“This completes us,” Principal Greg Miller reflected as the community of St Luke’s Catholic College celebrated the opening of Arrunga, an on-site high support learning setting welcoming students with a diagnosis of moderate intellectual disability as a primary disability and low adaptive functioning.
To begin with, Arrunga will serve a small number of students from Kindergarten to Year 6. This important service will grow over time to meet the needs of secondary students also. Founded in 2017, St Luke’s Catholic College serves the growing community of Marsden Park in Sydney’s thriving North-West growth area.
“It’s really hard to find a school like this, especially in this area, or even outside the area,” says Angela Vrbesic, mother of Arrunga student Luka.
For the Vrbesic family, the opportunity for Luka to be part of the same learning community as his brother, who is already a student at St Luke’s, means a lot.
“He likes to copy his brother and that’s a big part of how he learns so it’s so nice having them here together,” Angela said.
Angela also loves the focus on developing life skills, and supporting students to maximise their potential.
“I know he’s going to be looked after and cared for and that he’ll get everything he needs here at Arrunga.”
Andrew and Christina Cha were so proud to see their son Rohan prepare for his first day at Arrunga.
“The fact that he put on his uniform and got his school bag ready this morning was a really big moment for us, we can see that he’s ready. It’s such a great start,” they said.
“He was a bit nervous. It was maybe a little bit daunting but seeing so many teachers there to welcome him just made him feel really good.”
Leading Teacher Catherine Goodwill was really excited to welcome students to Arrunga for the first time.
“This morning there were a lot of happy faces. It’s going to take a little time for the children to get into a routine, to meet and get to know new friends,” Catherine acknowledged.
“These are beautiful children and it’s our job to make sure they’re looked after, that they’re catered for and that they’re learning and provided with a good education. Their safety and their happiness is paramount. The parents have been absolutely amazing.”
Arrunga is a Darug word meaning ‘in harmony’. A purpose-built learning environment which promotes a personalised approach to the needs and adjustments required by students, it will be completed later in 2021. To begin with, several modular classrooms provide outstanding temporary facilities for the first Arrunga students.
“We’re all different, we’re all diverse. Whether it be education differences, learning differences, cultural or language differences, it’s up to all of us to learn from each other. It’s not always a learning experience simply for the students at Arrunga, it’s the community that is learning really good skills: to be more accepting, to be more patient – it’s a changing world we live in.” – Catherine Goodwill, Leading Teacher, St Luke’s Arrunga School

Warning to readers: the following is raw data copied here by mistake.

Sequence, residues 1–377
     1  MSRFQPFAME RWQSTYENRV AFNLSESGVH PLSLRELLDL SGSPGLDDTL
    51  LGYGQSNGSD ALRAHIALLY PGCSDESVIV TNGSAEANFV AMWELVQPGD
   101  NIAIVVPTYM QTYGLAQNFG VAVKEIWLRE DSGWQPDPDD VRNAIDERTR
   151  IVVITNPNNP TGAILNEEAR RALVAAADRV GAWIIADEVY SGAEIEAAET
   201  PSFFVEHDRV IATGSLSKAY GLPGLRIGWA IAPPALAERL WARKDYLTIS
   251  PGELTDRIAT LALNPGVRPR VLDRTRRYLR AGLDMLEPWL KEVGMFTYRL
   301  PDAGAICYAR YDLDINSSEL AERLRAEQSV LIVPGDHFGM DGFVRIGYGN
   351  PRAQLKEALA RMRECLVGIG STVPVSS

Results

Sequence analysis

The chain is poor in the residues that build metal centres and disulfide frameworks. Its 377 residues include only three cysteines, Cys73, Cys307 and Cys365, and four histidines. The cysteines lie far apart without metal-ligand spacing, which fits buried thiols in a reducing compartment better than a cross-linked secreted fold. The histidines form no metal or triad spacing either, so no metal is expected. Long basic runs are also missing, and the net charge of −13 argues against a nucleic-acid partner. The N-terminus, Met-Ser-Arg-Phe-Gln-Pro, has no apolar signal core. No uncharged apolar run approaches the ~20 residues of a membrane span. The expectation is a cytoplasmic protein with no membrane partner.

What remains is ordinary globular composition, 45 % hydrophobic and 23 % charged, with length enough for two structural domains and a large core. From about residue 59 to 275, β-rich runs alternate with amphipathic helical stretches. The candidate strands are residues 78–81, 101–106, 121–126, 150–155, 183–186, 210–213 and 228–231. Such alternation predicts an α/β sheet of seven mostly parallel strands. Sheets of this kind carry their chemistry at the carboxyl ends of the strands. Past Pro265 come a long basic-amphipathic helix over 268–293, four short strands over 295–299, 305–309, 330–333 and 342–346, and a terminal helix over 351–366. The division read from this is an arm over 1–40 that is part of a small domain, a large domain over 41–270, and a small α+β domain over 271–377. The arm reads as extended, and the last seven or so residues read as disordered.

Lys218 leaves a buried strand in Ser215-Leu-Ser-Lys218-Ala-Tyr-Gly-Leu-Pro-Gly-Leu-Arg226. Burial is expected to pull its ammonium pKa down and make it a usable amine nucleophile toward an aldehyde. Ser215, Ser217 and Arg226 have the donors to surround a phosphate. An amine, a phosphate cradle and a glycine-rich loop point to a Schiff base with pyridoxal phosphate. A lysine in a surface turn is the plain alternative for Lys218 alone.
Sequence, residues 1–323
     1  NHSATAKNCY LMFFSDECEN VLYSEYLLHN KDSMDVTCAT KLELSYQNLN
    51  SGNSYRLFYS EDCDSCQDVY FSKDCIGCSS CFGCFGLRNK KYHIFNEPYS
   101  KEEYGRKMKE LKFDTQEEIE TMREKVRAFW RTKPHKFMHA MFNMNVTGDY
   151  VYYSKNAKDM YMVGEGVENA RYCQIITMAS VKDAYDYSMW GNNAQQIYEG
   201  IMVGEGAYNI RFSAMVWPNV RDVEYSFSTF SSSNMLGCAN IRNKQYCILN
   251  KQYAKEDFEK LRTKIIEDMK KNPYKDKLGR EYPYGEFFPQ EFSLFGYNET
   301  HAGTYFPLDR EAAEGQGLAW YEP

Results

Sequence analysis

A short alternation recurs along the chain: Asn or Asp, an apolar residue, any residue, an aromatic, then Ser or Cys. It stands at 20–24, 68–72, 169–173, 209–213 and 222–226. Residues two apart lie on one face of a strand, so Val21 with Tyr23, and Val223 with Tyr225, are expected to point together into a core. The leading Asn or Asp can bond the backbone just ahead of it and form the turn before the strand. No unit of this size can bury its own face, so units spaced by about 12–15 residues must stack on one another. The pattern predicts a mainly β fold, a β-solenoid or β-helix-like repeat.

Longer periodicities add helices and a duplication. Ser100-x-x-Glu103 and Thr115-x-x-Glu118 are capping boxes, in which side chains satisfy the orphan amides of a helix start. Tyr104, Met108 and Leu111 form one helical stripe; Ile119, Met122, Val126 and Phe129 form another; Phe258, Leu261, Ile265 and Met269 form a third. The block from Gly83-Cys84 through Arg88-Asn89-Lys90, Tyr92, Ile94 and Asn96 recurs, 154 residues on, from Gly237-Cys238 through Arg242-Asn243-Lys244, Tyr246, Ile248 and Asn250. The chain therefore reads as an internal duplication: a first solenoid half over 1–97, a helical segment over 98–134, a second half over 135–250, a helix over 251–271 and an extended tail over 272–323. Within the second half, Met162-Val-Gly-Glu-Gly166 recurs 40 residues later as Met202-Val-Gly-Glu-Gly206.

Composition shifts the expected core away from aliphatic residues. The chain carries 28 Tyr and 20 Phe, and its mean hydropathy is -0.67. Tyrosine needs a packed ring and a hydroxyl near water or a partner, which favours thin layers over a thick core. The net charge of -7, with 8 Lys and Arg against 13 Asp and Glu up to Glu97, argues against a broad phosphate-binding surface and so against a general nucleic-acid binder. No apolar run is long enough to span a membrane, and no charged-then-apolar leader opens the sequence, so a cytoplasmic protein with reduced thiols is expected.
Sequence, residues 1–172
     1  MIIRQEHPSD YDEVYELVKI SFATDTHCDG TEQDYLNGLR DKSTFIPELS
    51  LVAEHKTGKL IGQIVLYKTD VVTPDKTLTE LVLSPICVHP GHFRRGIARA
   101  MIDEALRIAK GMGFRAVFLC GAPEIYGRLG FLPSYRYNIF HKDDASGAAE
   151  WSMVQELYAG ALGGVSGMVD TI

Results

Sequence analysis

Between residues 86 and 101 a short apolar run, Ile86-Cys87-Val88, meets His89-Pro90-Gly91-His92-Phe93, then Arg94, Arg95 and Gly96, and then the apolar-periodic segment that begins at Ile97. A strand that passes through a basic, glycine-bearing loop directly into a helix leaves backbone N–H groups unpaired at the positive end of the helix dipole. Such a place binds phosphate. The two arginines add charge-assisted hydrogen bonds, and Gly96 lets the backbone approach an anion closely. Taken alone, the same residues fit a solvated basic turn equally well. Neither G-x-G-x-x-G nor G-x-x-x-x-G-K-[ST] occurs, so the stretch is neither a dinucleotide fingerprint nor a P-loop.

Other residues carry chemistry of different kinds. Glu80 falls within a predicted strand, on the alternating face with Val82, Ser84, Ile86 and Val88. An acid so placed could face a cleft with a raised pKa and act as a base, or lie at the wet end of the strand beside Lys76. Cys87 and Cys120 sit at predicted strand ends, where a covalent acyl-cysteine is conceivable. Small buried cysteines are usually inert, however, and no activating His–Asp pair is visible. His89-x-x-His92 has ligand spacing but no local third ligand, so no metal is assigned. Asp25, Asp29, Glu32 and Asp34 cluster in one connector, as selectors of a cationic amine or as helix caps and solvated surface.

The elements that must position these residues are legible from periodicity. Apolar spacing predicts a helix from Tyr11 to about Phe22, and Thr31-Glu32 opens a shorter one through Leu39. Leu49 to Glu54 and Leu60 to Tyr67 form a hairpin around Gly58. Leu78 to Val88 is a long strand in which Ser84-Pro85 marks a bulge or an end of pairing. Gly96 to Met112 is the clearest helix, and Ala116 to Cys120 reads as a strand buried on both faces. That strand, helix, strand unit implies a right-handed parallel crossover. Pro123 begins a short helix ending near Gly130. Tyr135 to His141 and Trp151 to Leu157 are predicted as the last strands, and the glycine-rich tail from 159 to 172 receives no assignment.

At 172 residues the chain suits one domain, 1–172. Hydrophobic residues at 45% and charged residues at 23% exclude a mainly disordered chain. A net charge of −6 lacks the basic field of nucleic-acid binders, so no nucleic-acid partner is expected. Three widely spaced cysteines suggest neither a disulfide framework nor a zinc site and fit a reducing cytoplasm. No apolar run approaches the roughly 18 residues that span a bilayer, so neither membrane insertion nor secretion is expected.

Similar Catholic Education Diocese of Parramatta settings, Wiyanga, located at St Patrick’s Marist College, Dundas and Kirinari at Xavier Catholic College, Llandilo, enrol students from Years 7 to 12. If you would like to learn more about Catholic Education Diocese of Parramatta high support learning settings, please visit https://www.parra.catholic.edu.au/Our-Schools/High-Support-Learning-Centres
If you or someone you know is interested in learning more about enrolment at St Luke’s Arrunga School, Kirinari or Wiyanga, please contact Mrs Alma George by phone on 0407 233 622 or email email@example.com
Learning from students with disability
In my early days as a teacher, students with a disability were (at best) sidelined and at worst, ignored. They were hidden from view, and so were their needs, especially when it came to learning. I’m thankful those days are over but Australian families are telling us loud and clear that we need to do more.
Schools that meet the needs of all students tend to have great partnerships with parents. I have such respect and admiration for the parents and carers of children and young people with a disability. They’re incredible advocates, not just for the needs of their own kids but for others too!
We also need a great team backing students at a school level. This means classroom teachers are supported in their work by other staff, often including teacher’s aides, school counsellors and relevant allied health professionals. Making sure that all schools have the resources to set up their students for success is not negotiable and neither is appropriate government funding.
There’s a lot to learn from listening to students, especially those who are heard less often, and most when what we hear is tough news. If some students aren’t supported to join in at school, what is that teaching all students about community?
All schools should take pride in understanding and accepting the needs of every student. This means asking schools to think again and think more about how we support kids with disability in their learning and wellbeing. When any student misses out, our schools and community miss out.
Gregory B Whitby AM KSG
Diocese of Parramatta
This article was originally featured in the Lent and Easter/Autumn 2021 Edition of the Catholic Outlook Magazine.